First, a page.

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VARIETIES—GRAVE AND GAS.,

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MARWOOD, THE EXECUTIONER.

DEGREES FOR WOMEN.

THE CONVICT ORTON.

A SCOTCH DISSENTING MONUMENT.

THE COMIC PAPERS.

[No title]

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STAMPS FOR TELEGRAPH MESSAGES.

,THE MARQUIS OF RIPON.

ENGLISH HOLIDAYS.

MR. GLADSTONE ON THE IRISH…

THE WRECK OF THE SCHILLER.

j THE BISHOP AND OMNIBUS DRIVER.

ALTERATIONS IN THE CIRCUITS.

AUTHORS' PROFITS.

[No title]

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HORRIBLE CRUELTY TO A CHiLD.

AFFAIRS IN EGYPT.

DESPERATE FIGHT WITH A BEAR.

LESSONOF THE PRINCE'S TOUR.I

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LESSONOF THE PRINCE'S TOUR. We (Bombay Gazette) have more than once com- mented upon the slipshod fashion in which we do our Raj in India. Antagonistic to native ideas in many things, we set no value on what they value most- ostentation. The consequence is now, that even the Heir Apparent to the Crown can only present an ordinary appearance to his people. It is not asserted that the Prince of Wales would leok any better to Western eyes on an elephant than on a horse, in gold brocade than in a plain frock coat; but to the people of India these vanities are of great import, and there is some wisdom in the saying that when a man goes to Rome he ought to do as Rome does. The Eng- lish standard of etiquette in ceremonial and costume seems to have been hoisted for this occa- sion over the standard Oriental, and though Levees and Camps of Exercise are imposing enough in the European estimation of things, our native fellow-sub- jects care little for them and underrate their splendour. Had' the Prince's visit been boldly acknowledged, aa. -a great political event in the history of Illdia; i#-wou!d, of course, have been easy to have lendered tha..Royal progress one of such Oriental magnificence as the people had not seen since the days of their ownEmperors, but Mr. Disraeli being shy to expend money which, after all, in a measure, has been spent, the combination of State and pri- vacy has not turned out a success. In Madras Presidency, we are told that more money was spent on the Prince's tour than the House of Commons voted for the whole ex- pedition but that a full return for it has not been received, owing to no definite plan, is, we think, ap- parent from the meagre results obtained in that part of India. However it is never too late to mend, and we trust that in Northern India an appearance of Oriental state may be found consistent with the Prince's avocations in the jungles. It is not money that is wanting, but system, to render the Princess state, when he chooses to assume it, worthy ot his birth and rank. Hitherto, there has been no system, and one is puzzled to know whether his Royal Highness is incognito here or en prince. So the result, as might be expected, is not altogether satisfac- tory. It is easy to see where the Prince's own tastes lead him, for he has seized upon the few leisure hours he has had to shoot and hunt; but even his passion for the chase is circumscribed and interrupted by a want of definition of his presence here which will neither permit him to be regarded as a traveller nor as an Heir Apparent. Of course, his position is to be considered a singular and anomalous one under any circumstances, in this country still it might not have been made so awkward and incompre- hensible as it is, though we n.ay hope for better things in the future. A correspondent states that at the recent receptions the Rajah of Puttiala was said to have i^o0,000 worth of jewels about him, very many of which had been purchased for him in London when the Empress of the French sold all her valuables a year or two ago. The Rajah actually shone in the light of the setting sun, to a degree that you could not keep your eye.s upon him for long. And there were, pex haps, others, who, although in a lesser degree.madeone think that the tales of our childhood respecting the wea:th of the East were by 110 means fables. The ^Rajah of Paunu owns, perhaps, the finest diamond mines in the world, and his turban bore evidence that the pro- duce of his estates were not all sent to the dealers in precious stones. It was a magnificent sight.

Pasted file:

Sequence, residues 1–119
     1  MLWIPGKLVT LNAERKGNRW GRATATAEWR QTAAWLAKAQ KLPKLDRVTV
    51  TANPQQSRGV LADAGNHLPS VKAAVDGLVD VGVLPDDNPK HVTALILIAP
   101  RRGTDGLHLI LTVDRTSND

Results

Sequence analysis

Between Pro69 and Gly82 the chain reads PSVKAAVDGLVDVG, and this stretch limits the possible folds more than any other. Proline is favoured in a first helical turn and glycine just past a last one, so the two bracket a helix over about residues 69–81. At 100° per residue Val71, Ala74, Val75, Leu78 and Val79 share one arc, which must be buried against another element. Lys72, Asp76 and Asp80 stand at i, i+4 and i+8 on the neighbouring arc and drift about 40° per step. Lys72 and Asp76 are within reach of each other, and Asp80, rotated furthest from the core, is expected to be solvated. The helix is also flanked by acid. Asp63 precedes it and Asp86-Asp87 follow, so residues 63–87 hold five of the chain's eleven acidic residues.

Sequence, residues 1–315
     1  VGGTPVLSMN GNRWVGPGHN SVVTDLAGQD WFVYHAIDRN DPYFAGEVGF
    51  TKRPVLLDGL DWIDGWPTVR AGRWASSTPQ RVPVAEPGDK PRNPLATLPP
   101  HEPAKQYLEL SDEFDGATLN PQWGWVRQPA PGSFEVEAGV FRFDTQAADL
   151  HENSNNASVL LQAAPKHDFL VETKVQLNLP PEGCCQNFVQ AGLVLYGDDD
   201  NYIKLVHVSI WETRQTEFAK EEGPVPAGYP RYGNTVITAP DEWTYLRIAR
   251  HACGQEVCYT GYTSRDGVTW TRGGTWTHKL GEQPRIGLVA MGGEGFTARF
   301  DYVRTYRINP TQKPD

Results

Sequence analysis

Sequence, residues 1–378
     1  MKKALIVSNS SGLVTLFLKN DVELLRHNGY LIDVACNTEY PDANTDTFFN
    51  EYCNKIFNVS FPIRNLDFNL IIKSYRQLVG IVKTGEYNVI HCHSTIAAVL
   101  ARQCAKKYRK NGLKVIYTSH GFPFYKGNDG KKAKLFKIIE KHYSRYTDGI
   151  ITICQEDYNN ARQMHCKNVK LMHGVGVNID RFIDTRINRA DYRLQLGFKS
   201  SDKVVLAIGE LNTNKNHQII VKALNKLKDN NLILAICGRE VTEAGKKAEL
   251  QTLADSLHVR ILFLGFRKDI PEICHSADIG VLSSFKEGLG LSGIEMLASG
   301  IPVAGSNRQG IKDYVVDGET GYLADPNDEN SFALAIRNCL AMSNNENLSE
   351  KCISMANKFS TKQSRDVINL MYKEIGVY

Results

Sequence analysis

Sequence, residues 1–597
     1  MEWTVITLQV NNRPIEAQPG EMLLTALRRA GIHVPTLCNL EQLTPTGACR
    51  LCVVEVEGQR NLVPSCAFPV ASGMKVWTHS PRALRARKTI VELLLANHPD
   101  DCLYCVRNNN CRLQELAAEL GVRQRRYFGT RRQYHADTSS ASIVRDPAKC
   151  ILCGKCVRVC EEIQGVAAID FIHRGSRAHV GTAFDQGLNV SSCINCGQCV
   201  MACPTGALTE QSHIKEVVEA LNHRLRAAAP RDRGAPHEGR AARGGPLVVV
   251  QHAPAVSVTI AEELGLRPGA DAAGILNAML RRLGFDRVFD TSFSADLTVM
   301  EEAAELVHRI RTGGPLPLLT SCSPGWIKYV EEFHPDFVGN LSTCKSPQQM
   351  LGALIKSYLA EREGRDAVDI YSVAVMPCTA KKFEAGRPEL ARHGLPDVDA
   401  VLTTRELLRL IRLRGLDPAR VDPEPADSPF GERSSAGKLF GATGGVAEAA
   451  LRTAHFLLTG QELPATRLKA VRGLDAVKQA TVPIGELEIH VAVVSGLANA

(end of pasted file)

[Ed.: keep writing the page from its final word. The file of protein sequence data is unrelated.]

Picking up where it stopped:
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COMFORTING TO HIS FRIENDS.

A FRENCH MONSTER.

LIFEBOAT AND ROCKET SERVICE.

WHAT THE "WORtD" SAYS.

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